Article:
Nearly all of her historical references are to Reagan. The recent Bush is mentioned maybe twice and Clinton only once. Not much before that. She is very focused on taxes and energy and building up the army, but doesn’t seem to step back from that enough to help run a country. Personally I disagree with the mentality of trying to scare other nations with the size of our military. Financially, I did feel she has thought through her economic perspective well, but the presentation was so full of hatred for anything liberal or left that the tone distracted from what would have otherwise been a good explanation. As an example, she went on what I thought was a good spiel about the need for unbiased media, and then at the end of it, finished off with the comment that we should be wary of the liberal and leftist groups that try to shut down unbiased media.

So while this book clearly wasn’t written for anyone who isn’t a conservative or has every disagreed with a conservative policy, I did appreciate the insights and felt that I better understand why the republicans chose her as the running mate. Her ability to juggle family life and an intense political schedule was admirable and authentic, and she does believe very strongly in the platforms she supports, and is willing to work hard to achieve honest success.
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Comments (showing 1-5 of 5) (5 new)

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message 1: by Lori (new)

Lori You are incredibly unbiased in your review. Thanks for the low-down.


Renee Best compliment I could hope for. Thanks, Lori.


message 3: by Alex (new)

Alex Bain I'm very impressed with your objective read, and that you took the time at all to her her in her own words.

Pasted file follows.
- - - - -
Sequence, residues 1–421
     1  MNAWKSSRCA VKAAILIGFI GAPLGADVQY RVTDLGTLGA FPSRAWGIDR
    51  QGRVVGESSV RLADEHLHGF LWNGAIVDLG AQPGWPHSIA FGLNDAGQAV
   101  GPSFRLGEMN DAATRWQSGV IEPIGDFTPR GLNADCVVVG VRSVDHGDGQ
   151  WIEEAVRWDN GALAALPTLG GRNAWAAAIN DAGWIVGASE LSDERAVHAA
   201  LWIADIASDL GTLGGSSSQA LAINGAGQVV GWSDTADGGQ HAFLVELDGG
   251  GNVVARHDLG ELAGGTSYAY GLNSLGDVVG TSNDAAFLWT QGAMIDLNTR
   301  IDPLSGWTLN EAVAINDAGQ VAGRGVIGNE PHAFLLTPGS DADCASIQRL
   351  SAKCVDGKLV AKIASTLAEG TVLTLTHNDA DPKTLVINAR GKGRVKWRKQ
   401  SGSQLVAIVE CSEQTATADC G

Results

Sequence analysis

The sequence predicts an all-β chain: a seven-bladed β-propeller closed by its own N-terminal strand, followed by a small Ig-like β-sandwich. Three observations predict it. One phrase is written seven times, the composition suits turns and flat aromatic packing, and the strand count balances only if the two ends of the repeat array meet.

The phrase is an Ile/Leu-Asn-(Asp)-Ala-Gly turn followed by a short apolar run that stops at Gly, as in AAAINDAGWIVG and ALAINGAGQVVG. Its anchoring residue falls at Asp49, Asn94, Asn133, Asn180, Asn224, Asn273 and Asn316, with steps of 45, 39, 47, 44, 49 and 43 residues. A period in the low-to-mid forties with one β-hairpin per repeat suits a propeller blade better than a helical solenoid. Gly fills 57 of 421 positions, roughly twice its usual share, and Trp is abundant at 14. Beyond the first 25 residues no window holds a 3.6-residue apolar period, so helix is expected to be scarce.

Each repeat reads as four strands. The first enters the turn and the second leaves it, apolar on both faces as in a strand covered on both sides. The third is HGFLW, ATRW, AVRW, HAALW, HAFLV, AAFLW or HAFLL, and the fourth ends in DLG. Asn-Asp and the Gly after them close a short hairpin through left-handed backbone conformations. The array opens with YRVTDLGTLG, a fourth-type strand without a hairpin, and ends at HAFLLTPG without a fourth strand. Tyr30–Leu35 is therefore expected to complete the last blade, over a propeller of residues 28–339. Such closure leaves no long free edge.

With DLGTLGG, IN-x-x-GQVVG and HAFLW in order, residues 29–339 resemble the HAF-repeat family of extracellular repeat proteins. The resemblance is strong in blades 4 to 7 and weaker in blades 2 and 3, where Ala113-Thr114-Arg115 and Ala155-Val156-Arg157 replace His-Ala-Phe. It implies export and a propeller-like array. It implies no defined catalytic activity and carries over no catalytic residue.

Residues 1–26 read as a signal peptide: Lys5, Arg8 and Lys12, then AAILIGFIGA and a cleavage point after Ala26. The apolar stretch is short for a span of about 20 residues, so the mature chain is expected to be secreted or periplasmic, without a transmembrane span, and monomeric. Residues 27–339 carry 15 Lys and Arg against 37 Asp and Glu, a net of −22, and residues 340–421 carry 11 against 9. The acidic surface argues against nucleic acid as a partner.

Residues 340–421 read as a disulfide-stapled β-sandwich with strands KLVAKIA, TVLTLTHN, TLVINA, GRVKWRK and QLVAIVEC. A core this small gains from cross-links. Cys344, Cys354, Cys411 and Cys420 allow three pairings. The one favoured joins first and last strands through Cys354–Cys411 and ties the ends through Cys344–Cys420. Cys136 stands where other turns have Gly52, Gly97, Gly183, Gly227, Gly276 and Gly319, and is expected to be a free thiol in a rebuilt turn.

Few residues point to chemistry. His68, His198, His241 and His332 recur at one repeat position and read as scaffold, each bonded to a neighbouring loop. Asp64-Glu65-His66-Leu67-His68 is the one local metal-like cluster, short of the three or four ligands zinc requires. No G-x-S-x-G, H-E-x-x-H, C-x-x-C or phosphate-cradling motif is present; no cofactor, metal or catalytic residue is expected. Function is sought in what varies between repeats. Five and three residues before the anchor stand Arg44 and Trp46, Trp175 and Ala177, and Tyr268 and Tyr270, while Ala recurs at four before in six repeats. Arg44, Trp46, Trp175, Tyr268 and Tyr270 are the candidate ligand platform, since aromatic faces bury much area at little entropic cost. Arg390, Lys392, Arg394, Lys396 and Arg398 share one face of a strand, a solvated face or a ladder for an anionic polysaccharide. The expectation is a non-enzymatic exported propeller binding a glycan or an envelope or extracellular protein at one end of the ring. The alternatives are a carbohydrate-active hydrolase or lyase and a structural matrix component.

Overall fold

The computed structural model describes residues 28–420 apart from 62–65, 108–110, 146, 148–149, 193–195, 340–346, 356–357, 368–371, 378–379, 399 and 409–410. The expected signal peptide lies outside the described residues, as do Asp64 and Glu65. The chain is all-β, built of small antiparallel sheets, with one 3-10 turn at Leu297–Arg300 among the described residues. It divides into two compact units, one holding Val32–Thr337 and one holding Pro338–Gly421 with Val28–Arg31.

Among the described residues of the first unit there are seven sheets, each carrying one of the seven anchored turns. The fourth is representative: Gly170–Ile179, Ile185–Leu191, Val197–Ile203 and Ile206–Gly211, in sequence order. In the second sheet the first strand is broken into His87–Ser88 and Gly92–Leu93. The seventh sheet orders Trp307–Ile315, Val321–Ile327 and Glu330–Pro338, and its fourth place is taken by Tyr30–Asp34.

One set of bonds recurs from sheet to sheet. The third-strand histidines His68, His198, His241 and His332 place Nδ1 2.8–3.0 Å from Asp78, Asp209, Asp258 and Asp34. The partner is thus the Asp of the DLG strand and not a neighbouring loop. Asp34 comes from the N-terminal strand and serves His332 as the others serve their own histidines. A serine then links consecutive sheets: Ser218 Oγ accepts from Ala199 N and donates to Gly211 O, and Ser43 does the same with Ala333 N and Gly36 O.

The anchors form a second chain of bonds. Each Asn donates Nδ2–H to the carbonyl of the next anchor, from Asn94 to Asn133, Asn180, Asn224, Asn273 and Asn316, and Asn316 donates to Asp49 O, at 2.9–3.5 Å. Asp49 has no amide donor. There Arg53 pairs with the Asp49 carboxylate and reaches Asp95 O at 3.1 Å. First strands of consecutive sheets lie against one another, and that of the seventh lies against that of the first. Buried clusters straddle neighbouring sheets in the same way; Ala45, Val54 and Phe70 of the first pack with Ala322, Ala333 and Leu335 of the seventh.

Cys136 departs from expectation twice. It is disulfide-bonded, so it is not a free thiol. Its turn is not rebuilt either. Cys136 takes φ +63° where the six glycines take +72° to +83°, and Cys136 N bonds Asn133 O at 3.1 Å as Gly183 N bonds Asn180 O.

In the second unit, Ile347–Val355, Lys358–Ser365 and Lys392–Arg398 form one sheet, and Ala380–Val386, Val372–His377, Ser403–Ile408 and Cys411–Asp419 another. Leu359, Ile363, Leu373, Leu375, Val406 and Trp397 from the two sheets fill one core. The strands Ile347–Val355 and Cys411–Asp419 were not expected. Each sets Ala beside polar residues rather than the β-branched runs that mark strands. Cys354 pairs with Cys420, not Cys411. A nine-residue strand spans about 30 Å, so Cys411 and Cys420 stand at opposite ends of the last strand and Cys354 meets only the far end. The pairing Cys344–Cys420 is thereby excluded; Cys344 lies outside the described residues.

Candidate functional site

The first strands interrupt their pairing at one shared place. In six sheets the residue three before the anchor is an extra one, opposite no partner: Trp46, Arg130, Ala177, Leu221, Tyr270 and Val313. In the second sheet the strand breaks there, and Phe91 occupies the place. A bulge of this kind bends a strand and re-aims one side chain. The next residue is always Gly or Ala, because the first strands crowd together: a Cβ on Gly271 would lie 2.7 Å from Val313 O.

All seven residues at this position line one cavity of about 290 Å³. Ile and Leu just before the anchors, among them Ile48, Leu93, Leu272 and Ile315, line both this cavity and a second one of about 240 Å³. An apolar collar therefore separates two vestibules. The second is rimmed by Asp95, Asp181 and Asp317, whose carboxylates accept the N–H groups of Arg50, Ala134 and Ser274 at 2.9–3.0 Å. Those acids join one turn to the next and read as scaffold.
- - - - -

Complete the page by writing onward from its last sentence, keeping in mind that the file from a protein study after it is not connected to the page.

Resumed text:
Diane Familia In my opinion I rather see a moose gone than an American soldier which is what she was referring to.


Renee Hello, Diane from Texas - I didn't even realize people I didn't know could comment on my reviews. How interesting! Anyways, that comment has been read differently than I intended several times, so I'll try to clarify. I was not at all defending the moose, and actually believe that Sarah has a lot more background in whether or not the moose is at risk and/or important. Instead, I was trying to convey my concern that she isn't as skilled at debate and getting people with other opinions to agree with her, as I would like to see in a national politician. I believe our country is founded on the concept of differing opinions and freedom to think how you want, but in order to make progress and decisions at a national level, you have to be able to convince your opponents that you see their side, understand their concerns, and present facts as to why you are arguing for something else. A dismissive attitude, which I was trying to show in that example, just won't be effective at anything other than dividing our country further apart. You may still disagree with me, but I hope that at least clarifies what I was trying to say.